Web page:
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Singleton Station water licence decision: a death sentence for arid ecosystems

Due to a perceived conflict of interest, the Environment Minister Eva Lawler deferred the decision to approve the controversial Singleton Station water licence to Minister Kate Worden. With only four days to consider complex evidence before handing down her precedent-setting decision, yesterday Minister Worden upheld the extraction of 40 billion litres of groundwater annually from 144 bores. The independent review panel made a series of recommendations for further conditions on the licence, yet concerningly, not all have been adopted. 

Arid Lands Environment Centre (ALEC) General Manager Jade Kudrenko warns that the licence guarantees the destruction of arid ecosystems and shows a flawed commitment from the Government for water security for all Territorians.

“This decision is a death sentence. The licence guarantees the death of 30% of the groundwater dependent ecosystems throughout that vast arid area. The Territory has failed in their duty to ensure development is not at the expense of vulnerable ecosystems. This scale of government-sanctioned environmental degradation is astonishing,” says Jade.  

“The amendments will have little effect. The licence is simply too big.”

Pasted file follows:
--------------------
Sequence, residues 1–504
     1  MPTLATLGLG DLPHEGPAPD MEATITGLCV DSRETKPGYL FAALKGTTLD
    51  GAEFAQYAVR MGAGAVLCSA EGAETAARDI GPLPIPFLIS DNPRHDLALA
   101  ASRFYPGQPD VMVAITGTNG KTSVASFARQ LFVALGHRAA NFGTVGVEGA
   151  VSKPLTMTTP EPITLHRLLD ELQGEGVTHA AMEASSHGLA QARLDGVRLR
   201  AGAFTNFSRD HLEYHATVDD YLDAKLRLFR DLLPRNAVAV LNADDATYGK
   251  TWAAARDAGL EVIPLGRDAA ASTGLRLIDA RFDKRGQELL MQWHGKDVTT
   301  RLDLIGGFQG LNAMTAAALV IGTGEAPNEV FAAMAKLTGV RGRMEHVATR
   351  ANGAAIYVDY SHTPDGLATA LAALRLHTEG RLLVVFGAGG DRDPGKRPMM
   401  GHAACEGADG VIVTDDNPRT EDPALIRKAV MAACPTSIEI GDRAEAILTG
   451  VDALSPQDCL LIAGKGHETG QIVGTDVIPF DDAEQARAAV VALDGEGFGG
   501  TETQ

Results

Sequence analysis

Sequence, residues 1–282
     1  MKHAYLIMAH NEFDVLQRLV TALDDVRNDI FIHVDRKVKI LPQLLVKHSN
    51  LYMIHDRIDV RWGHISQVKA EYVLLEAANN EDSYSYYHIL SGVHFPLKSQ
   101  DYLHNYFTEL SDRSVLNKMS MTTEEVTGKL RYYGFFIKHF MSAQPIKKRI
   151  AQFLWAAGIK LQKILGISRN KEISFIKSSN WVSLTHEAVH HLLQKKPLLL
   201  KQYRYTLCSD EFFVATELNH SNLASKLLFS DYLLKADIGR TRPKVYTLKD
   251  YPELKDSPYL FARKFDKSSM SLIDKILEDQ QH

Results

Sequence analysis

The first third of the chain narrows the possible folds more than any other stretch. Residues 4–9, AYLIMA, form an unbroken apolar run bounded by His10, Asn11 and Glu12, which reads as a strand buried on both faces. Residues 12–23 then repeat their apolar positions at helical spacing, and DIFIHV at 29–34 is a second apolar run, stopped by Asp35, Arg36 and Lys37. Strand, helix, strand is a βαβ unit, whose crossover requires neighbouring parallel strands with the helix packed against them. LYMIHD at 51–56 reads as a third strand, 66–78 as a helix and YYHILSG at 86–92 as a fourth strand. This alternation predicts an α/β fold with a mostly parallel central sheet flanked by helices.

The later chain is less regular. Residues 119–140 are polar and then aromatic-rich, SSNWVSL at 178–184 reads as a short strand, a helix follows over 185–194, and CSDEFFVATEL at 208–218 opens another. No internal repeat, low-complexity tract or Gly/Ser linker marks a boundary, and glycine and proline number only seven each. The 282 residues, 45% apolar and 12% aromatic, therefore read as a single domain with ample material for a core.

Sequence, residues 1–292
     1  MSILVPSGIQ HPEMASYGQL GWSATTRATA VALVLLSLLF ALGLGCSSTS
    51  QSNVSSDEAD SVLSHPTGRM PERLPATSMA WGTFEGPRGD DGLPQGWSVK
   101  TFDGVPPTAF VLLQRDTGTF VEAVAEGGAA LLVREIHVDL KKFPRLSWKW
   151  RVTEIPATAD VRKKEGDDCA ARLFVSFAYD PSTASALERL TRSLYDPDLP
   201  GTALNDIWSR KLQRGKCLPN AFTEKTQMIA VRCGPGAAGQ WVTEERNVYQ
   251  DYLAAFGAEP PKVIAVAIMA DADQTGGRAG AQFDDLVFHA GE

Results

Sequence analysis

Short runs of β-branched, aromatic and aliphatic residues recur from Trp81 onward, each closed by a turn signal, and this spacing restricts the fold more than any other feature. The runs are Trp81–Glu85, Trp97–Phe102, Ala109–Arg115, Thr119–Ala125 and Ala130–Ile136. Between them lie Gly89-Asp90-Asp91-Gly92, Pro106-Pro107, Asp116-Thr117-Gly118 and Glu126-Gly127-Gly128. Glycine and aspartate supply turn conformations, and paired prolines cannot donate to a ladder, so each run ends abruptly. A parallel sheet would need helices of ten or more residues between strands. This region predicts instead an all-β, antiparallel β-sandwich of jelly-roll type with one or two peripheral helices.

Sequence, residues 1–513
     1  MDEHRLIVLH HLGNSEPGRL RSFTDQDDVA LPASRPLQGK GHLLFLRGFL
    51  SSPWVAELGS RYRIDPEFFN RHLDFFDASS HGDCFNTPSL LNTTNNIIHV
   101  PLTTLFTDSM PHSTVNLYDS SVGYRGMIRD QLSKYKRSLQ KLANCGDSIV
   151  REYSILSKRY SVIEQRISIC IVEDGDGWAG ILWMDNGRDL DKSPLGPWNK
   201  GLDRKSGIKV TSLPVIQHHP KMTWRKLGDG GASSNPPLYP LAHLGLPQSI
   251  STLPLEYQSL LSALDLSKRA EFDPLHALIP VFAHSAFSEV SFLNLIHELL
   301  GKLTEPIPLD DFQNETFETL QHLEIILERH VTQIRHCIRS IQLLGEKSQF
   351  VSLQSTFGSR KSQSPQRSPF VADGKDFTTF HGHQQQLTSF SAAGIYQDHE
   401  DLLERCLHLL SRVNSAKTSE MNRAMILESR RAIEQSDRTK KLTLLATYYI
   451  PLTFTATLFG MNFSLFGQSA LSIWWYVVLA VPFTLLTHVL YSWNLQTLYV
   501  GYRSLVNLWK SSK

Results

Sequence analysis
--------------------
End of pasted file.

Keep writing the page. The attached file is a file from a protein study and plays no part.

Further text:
“Gifting an enormous volume of water to a private company in an arid zone is a short term gain but in the longer term it’s unsustainable. We’ve seen in other parts of the country that buying back water licences costs the taxpayer a lot of money.”

During a Ministerial Review in September, ALEC argued that the Water Controller’s decision to grant the licence was unlawful on several grounds including breaching the Water Act and posing unacceptable levels of uncertainty regarding environmental impacts.  

“The requirements and outcome of the review demonstrates that when the Territory Government is so narrowly focused on economic development, more than ever, independent environmental organisations are critical.”

“Organisations like ALEC and the Environmental Defenders Office provide otherwise lacking scrutiny and rigour to decisions that will have lasting impact on our communities and ecosystems.” 

“We need a stronger and more transparent process based on rigorous scientific assessment before water licences are granted to protect the health of our ecosystems and ensure drinking water for future generations.”   

ALEC and other interested parties have 60 days to seek a judicial review.

“We are consulting with some of Australia’s top water law experts. Together, we will choose a course of action that will result in the best outcomes for the environment.”

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